If it is ready to eat, it is also ready to be sold
Rising disposable incomes, paucity of time and increasing number of working couples chart a positive outlook for the ready-to-eat market in India, reports Saurabh Turakhia.business Updated: Oct 21, 2007 21:58 IST
Rising disposable incomes, paucity of time and increasing number of working couples chart a positive outlook for the ready-to-eat market in India. However right pricing, which will address affordability, will provide a big fillip to the growth story, according to a report presented recently to the media by the Tata Strategic Management group.
The report estimates that the Indian ready-to-eat meals market can grow to $716 million, a big leap from $32 million — its market size in 2006.
The positive outlook comes from the drivers. Households with an annual income of 60,000 dollars and more will increase from 1.1 million in 2005-06 to 3.9 million in 2014-15. Similarly, the urban population is set to rise from 286 million in 2001 to 288 million in 2011. The report points to a potential of 5.4 million households (SEC A and SEC B combined) between the top 24 cities.
Experts still feel that the ready-to-eat story is strictly an urban one. Anand Shah, a FMCG analyst with Angel Broking points out, “Pricing is certainly an issue. As of now, the big players are tapping the metros that promise more growth. Hindustan Unilever Limited can extend its Knorr and Annapurna brands for other packaged foods products. Similarly, Marico which occupies the health plank through Saffola can extend the brand to penetrate into the hygiene conscious market.” Shah is betting big on the segment and said that the government is taking the right initiatives to give it a boost.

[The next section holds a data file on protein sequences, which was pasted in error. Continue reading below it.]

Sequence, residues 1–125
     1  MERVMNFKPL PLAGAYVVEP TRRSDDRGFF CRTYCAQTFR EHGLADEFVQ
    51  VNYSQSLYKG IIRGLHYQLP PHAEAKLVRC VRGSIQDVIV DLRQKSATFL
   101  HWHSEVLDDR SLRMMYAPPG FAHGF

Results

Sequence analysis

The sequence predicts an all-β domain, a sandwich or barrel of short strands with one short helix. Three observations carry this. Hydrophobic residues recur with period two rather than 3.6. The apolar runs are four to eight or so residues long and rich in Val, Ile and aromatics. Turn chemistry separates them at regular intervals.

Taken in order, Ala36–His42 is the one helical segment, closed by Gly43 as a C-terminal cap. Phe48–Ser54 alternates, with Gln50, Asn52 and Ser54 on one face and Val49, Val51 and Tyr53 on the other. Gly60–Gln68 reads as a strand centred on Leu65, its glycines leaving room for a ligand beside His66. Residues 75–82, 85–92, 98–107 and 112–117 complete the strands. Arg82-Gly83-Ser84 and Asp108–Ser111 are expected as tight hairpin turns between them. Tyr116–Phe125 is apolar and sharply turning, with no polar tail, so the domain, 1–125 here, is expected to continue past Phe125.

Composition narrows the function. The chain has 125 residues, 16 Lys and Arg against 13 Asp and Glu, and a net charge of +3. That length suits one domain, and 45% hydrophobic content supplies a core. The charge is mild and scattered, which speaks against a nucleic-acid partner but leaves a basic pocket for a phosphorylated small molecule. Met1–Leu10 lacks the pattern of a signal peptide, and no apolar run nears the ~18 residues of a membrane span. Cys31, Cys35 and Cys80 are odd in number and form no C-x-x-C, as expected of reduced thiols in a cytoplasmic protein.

Pankaj Gupta, Practice Head - Consumer and Retail, Tata Strategic Management group said, “Singles and households with double incomes are big sub-segments for the ready-to-eat market.”
Players in India, actively looking at the segment, are ITC (Kitchens of India), MTR Foods (bought out by Orkla Foods for $100 million in early 2007), Satnam Overseas (Kohinoor), Nestle, Vadilal (processed foods), Hindustan Unilever Limited (Knorr and Annapurna) etc. Understandably, they are pumping in a lot of money and efforts to build the market.
A recent report by AdEx India, a division of TAM Media Research, said that television advertising of ‘Instant Foods/Meals’ grew by 19 per cent during January-August 2007 when compared to same period in 2006. It also points that average ads per day aired on television by players of ‘Instant Foods/Meals’ increased from 155 in January-August 2006 to 173 in January-August 2007.
Taxes seem to be an issue with the segment. Rajesh Gandhi, managing director of Vadilal, which offers many variants of frozen, ready to eat parathas and curries said, “Many categories attract excise duties of 16 per cent and since we deal with frozen foods, the operating costs are higher. The government is looking into the matter. Effective sops coupled with organised retailing will pave way for a faster growth as the demand side factors are in favour of the market.” The processed foods segment brings revenues of Rs 15 crore to Vadilal, 80 per cent from exports.